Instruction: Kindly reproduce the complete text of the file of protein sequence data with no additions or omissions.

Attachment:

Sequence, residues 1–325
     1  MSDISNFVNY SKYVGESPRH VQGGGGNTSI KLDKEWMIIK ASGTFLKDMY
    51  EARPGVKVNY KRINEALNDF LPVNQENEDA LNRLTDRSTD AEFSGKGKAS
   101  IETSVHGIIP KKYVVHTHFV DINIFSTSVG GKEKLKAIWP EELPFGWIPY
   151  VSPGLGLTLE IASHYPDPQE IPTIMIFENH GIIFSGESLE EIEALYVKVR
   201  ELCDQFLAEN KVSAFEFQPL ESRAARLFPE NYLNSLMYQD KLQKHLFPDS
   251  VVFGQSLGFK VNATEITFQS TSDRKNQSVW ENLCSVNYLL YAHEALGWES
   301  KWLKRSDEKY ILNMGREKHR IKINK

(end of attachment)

Sequence, residues 1–325
     1  MSDISNFVNY SKYVGESPRH VQGGGGNTSI KLDKEWMIIK ASGTFLKDMY
    51  EARPGVKVNY KRINEALNDF LPVNQENEDA LNRLTDRSTD AEFSGKGKAS
   101  IETSVHGIIP KKYVVHTHFV DINIFSTSVG GKEKLKAIWP EELPFGWIPY
   151  VSPGLGLTLE IASHYPDPQE IPTIMIFENH GIIFSGESLE EIEALYVKVR
   201  ELCDQFLAEN KVSAFEFQPL ESRAARLFPE NYLNSLMYQD KLQKHLFPDS
   251  VVFGQSLGFK VNATEITFQS TSDRKNQSVW ENLCSVNYLL YAHEALGWES
   301  KWLKRSDEKY ILNMGREKHR IKINK